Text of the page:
Avoiding Weight Gain and Excess Carbs This Holiday Season
Ayurveda is a body of wisdom developed by the sages of ancient India to help people live vibrant and healthy lives.
Today, Ayurveda continues to be an effective and powerful mind-body health system. Its proven principles distill into helpful guidelines for avoiding weight gain and carb-excess during the holidays and after, without depriving ourselves.
Ayurveda Tips For A Healthy Holiday
Water Wisdom. You can boost your body’s metabolism by drinking warm water, and be sure to consume plenty of it. An active digestive system requires us to drink half our weight in ounces of water every day. (Though many of us enjoy iced drinks, they make it more difficult for our body to digest food.)
Walking Wisdom. Walking for five to ten minutes after eating facilitates good digestion. Walking for 15 minutes after meals helps lower blood glucose levels—good to know if you indulge in sweet treats. When weather prohibits walking outdoors, a brisk indoor activity (e.g., going up and down the stairs, vacuuming energetically, dancing) can substitute.
Limit Cups of Calories. It’s easy to put on extra pounds, and indulge in too many carbs, just by enjoying the season’s flavorful beverages. We know a mixed drink is brimming with calories, but so is a large creme brulee latte (about 440 calories), a cup of peppermint hot chocolate (approximately 360 calories), or an eggnog latte (around 460 calories). So, limit or eliminate these dessert drinks—and do not imbibe anything other than water during the three hours prior to bedtime.
Alcohol Substitute. You can fit into a holiday social scene without consuming the calories and carbs of alcoholic beverages. Just fill a wine glass two-thirds full with sparkling water, top it off with cranberry juice, and add a slice of lime. An added benefit of laying off the alcohol - which is considered a toxin in Ayurveda - is maintaining sound judgment for healthy food choices.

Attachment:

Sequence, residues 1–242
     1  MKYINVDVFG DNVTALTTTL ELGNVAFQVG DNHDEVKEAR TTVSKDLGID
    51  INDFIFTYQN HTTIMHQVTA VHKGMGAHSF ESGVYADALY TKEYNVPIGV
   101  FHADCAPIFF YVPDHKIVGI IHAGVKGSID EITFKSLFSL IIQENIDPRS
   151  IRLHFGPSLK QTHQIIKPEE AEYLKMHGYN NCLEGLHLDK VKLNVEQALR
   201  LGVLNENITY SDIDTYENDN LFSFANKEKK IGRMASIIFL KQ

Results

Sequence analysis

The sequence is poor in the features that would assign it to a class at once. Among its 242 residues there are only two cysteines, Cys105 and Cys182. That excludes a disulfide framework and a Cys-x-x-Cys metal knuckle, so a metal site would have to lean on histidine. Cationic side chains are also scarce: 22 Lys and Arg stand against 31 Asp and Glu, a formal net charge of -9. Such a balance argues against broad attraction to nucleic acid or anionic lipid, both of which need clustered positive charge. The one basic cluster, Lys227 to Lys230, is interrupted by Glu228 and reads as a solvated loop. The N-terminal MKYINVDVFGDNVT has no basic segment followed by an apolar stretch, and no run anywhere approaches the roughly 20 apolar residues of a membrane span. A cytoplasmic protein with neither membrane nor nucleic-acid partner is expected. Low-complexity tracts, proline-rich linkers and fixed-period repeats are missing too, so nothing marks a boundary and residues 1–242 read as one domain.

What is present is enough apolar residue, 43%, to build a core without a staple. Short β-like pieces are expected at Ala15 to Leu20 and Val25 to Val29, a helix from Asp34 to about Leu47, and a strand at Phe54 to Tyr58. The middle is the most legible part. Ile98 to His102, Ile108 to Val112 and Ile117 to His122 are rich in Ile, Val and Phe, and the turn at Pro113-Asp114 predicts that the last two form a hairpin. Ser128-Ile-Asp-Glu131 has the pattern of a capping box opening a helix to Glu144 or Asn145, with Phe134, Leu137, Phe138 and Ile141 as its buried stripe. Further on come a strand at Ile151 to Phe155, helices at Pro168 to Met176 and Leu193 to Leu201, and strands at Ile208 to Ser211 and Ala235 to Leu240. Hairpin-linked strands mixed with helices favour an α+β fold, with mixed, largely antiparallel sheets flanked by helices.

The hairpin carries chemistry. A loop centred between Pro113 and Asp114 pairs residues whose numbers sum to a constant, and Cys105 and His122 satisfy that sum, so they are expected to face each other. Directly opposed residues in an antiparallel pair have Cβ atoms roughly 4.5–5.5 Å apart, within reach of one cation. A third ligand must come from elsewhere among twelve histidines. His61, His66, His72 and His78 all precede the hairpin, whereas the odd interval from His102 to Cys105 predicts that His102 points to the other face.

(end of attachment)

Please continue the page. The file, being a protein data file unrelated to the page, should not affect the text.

Soothe With Activity. The holidays can bring up many emotionally-charged memories, and we might try to manage those feelings with food. Avoid this by writing a list of ten activities you enjoy. When an urge to soothe your emotions with a snack strikes, pull out your list and get busy with something on it. The activities can be personal interests, practical chores, altruistic deeds, recreational, or social—whatever appeals to you.
Mindful Munching. We can easily chow-down hundreds of calories at holiday parties without even realizing it. To avoid mindless munching, limit the snacks you put on your plate or napkin, remind yourself to chew slowly, and be mindful of the flavors and textures in every bite. You can also reduce calorie intake and increase wise food choices by deciding to eat only when sitting down.
Attitude of Abundance. There is no reason why you can’t bake gingerbread men in March or July. So, instead of thinking you have to enjoy a lot of holiday treats now because they won’t be around for another 12 months, relax by realizing you can make candy cane cookies or krumkake any month you choose.